But in order to stay competitive -- attracting the best and the brightest students -- schools have little choice but to raise money to keep up with the ever-increasing costs of attracting top faculty, investing in technology and maintaining expensive grounds. All this requires big bucks. Financial aid budgets also drain the university coffers. At Vassar, for instance, 60 percent of students last year qualified for some type of grant assistance (at Carleton it was 61 percent and at Bryn Mawr, 54 percent).


But "need-sensitive" admissions policies fly in the face of the ethical guidelines of the National Association of College Admission Counseling (NACAC), a nonprofit organization that functions as the conscience of colleges and universities. Stirring ardent debate in the organization over the last six years, the admissions guidelines state that colleges should admit students "without regard to financial need."

In their defense, colleges say it's impossible to reconcile this principle with a later one, which states that colleges should also "meet the full need of accepted students whenever possible." As Vassar's Borus puts it: "You can talk about being need-blind all you like, but you can't be budget-blind."

Jerry Pope, vice president of admissions practices at NACAC, maintains that need-sensitive admissions involves too much guesswork to be fair. "For all we know, that family may have other support available that makes that school financially affordable," he says. But Paul Thiboutot, dean of admissions at Carleton College, where a need-sensitive policy was enacted in 1994, is quick to quell the notion that students might work or borrow their way through four years at a selective college without institutional support. "It's a nice idea. If that was the case, then we would do it. That particular dream ain't possible anymore. You only create more frustration," he says. And, says Borus, admitting students without offering aid, known in admissions circles as "admit-deny," is "cruel." Besides, he says, "schools that have done admit-deny over the years have found that virtually none of those kids end up coming."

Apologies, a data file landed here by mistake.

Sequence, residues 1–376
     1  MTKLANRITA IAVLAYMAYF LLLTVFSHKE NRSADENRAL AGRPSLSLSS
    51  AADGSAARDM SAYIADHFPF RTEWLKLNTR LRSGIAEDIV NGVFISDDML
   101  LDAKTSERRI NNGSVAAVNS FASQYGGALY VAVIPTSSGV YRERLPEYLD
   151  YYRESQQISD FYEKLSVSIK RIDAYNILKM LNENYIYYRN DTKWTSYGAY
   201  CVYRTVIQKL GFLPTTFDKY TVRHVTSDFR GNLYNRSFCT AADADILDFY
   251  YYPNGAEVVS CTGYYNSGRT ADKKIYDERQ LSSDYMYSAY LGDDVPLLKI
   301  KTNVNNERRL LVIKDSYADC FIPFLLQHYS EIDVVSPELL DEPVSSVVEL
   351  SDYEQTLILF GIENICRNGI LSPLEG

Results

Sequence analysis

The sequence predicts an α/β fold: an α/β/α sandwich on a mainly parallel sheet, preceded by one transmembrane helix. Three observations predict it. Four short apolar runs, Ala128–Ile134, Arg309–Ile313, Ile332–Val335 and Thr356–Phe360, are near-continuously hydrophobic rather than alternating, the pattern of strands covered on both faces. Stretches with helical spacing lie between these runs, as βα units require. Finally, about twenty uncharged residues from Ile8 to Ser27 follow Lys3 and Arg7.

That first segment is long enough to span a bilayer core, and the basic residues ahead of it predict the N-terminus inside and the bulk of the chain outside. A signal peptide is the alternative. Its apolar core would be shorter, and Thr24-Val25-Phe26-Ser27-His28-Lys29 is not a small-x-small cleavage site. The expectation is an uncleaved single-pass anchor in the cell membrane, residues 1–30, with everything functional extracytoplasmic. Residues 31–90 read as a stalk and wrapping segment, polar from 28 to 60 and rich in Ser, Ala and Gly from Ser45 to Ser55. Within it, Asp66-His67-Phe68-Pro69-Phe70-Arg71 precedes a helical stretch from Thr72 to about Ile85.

Hand-wringing and sympathetic noises aside, administrators who defend need-sensitive admissions may have a darker motive for adopting such policies. School rankings, like those in U.S. News and World Report, often measure what percentage of the accepted pool actually enroll as an indicator of that school's popularity.

"It looks good for colleges to be able to accept a certain number [of students] and have a good number of those commit," explains NACAC's Pope. "If you accept a lot and a lot don't come there, it just doesn't look good in the rankings." Monnich concedes that Bryn Mawr's switch to a need-sensitive policy improved its numbers slightly. "The year we switched, the yield went up a couple of percentage points," she says. But she hastens to add, "It's not going to change the view of where we are in the world." Carleton's Thiboutot dispels the numbers explanation altogether, maintaining that it had nothing to do with Carleton's decision to consider need for up to 10 percent of each class.

"We're looking at kids who, although it may sound cold, have no inherent claim on a spot in the class," Vassar's Borus says. And weaker students falling at the borderline tend to be similar in their qualifications. "At that point, you're taking yet another factor into account along with academics and talents, and that's how much it will cost the college to let this student attend as opposed to another," he says.


Will need-sensitive admissions gradually push higher education further out
of reach for the students who need it the most?

Although the current number of students affected is minimal, recent
trends are ominous. With a growing reliance on student loans, continued
decreases in federal grant money, affirmative action programs in jeopardy
around the country and tuition costs continuing to rise, the future of
America's young and less fortunate is anything but certain.

Amid these conspiring forces, how can poorer students guarantee their
right to scale the ivy walls and reap the fruits of university life?

Aside from testing well, getting stellar grades or becoming a track star or
concert pianist, the sad truth is that there's precious little students can
do to make sure their empty pockets don't influence their admissions. Which
just goes to show, in today's world, it pays to choose your parents wisely.

Megan Olden

Megan Olden is a writer and magazine editor in San Francisco.